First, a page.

CIVIL WAR PRIVATELY PURCHASED FORAGE CAP WITH 23rd CORPS BADGE

$4,500.00

Quantity Available: 1

Item Code: 1052-162

Shipping: Determined by Method & Location of buyer

To Order:
Call 717-334-0347,
Fax 717-334-5016, or E-mail

This is a very good example of an original Civil War, Union army, privately purchased, or commercial, forage cap. These were typically worn by officers, who had to purchase their own uniforms and equipment from military outfitters, but were available to enlistedmen who had some extra cash and wanted something nicer than the government contract caps issued by the army.

This is a nicer grade example showing the typical top with rolled edge (using an interior reed) and sides showing no line of stitching for an interior band around the base. It is fitted with a thick leather visor painted black on the top and green on the bottom, thought to ease eye strain, and has a bound edge. The glazed leather chinstrap and small general service eagle side buttons are in place and appear to be original to the cap. The chinstrap matches the top of the visor well. The interior of the body has its sweatband and is fully lined in black silk, with some broad quilting lines across the underside of the top.

The body of the cap has very good color. We see scattered pencil point moth nips, but just few spots of wear to the nap, which blend in, or spots where a piece of darkened cloth was inserted to camouflage them, but these were extremely well done and the cap shows off very, very well. The seams are tight outside and inside. The visor is firmly in place, as is the sweatband, which shows good color and just wear spots along the bottom edge, which is typical of a cap that was worn. The black silk lining is complete, but does show some stains and runs- again, typical of a cap that was actually worn 160 years ago.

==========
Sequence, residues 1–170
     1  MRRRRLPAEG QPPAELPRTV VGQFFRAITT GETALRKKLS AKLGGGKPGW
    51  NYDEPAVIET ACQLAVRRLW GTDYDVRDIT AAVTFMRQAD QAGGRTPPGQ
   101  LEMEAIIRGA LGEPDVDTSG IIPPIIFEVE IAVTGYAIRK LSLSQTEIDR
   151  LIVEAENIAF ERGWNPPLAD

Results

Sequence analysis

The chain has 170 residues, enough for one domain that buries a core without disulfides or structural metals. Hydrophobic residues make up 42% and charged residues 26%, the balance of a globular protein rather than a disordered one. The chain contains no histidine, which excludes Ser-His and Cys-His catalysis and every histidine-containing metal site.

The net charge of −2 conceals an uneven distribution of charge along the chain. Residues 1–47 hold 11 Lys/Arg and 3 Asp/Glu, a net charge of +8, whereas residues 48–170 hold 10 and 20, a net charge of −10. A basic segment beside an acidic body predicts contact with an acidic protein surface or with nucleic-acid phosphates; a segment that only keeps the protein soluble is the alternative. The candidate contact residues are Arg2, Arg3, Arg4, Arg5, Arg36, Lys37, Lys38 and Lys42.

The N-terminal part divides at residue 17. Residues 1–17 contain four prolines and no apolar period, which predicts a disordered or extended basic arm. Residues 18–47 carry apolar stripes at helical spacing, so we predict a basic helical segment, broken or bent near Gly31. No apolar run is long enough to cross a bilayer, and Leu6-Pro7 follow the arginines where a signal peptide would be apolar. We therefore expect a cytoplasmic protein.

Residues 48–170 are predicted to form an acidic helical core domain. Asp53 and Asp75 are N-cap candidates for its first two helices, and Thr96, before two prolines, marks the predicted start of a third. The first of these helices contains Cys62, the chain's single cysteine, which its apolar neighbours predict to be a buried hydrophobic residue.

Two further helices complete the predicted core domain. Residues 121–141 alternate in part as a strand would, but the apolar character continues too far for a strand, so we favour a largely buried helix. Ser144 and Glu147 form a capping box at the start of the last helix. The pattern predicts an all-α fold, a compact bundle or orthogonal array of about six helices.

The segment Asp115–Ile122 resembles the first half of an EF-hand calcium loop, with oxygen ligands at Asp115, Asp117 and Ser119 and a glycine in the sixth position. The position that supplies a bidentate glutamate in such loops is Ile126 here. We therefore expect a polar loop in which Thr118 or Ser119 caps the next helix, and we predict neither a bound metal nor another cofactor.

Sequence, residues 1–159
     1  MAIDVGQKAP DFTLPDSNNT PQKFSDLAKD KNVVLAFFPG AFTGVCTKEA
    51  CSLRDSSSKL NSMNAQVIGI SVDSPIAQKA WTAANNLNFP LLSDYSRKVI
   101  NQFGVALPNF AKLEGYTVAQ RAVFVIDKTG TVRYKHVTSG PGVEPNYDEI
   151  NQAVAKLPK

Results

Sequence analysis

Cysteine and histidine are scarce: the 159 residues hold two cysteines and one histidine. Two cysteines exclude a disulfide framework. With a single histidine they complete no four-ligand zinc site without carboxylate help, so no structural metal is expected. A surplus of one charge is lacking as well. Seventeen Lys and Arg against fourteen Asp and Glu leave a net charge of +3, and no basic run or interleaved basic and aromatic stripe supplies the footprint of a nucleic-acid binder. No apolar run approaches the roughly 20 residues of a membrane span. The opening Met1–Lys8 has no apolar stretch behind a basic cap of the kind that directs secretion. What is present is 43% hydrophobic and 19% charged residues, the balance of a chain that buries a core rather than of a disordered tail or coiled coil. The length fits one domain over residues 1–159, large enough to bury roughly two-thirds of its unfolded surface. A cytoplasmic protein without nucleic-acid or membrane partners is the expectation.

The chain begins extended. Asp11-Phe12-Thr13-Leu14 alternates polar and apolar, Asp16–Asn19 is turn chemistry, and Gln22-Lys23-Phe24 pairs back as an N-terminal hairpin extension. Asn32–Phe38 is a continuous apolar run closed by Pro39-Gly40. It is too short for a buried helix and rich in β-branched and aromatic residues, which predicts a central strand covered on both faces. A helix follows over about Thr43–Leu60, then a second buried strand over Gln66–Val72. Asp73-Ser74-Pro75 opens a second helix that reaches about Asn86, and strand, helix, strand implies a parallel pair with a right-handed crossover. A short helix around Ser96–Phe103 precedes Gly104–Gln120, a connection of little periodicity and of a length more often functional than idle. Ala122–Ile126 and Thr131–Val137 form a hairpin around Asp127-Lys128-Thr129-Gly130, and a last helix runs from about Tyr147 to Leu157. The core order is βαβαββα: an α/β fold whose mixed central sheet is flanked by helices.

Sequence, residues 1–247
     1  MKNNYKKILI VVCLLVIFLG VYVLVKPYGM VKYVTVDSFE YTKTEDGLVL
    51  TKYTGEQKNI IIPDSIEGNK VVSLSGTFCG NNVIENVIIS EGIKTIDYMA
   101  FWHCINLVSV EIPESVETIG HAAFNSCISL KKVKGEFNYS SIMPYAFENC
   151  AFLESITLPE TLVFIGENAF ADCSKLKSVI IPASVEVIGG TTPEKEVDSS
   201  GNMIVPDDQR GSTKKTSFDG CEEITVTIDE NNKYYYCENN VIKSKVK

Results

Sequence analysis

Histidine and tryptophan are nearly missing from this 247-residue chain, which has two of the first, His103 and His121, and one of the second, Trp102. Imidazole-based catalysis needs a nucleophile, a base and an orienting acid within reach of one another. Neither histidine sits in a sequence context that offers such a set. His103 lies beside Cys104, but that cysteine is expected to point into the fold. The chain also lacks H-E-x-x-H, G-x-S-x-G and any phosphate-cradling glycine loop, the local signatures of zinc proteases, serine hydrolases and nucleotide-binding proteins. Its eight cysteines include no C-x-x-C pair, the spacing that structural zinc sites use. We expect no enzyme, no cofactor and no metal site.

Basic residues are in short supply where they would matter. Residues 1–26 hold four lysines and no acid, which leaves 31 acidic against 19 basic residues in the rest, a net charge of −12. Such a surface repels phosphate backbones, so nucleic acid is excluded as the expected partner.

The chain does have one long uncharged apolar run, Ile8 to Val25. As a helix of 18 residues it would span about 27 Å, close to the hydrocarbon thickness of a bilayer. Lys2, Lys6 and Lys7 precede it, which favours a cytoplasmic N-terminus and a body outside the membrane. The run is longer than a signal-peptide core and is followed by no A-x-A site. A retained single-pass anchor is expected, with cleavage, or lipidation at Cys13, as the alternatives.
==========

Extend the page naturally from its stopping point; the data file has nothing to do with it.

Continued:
The top of the cap is fitted with the shield-shaped badge of the 23rd Army Corps, with convex border and open center with a blue interior and brass number 1, indicating the first brigade (possibly a regiment, but more likely the brigade) of the second division. This was most likely added by a collector for display and is a matter of taste, but as we were reminded by a visitor recently: “show me a world war one or world war two aircraft that has not been decorated to represent a specific unit.” The cap itself is complete, in very good condition, and original, and we have left it as it came to us. The badge was officially adopted by the corps in September 1864, as part of the Army of the Ohio. It constituted pretty much the entire Army of the Ohio under Schofield in the Franklin-Nashville Campaign against Hood, took part in the Battle of Wilmington in February 1865, and joined Sherman in April at Goldsboro in April for the Campaign of the Carolinas, disbanding in August 1865.

This would make a nice addition to a headgear collection or a display of material relating to the 23rd Corps.  [sr] [ph:M]

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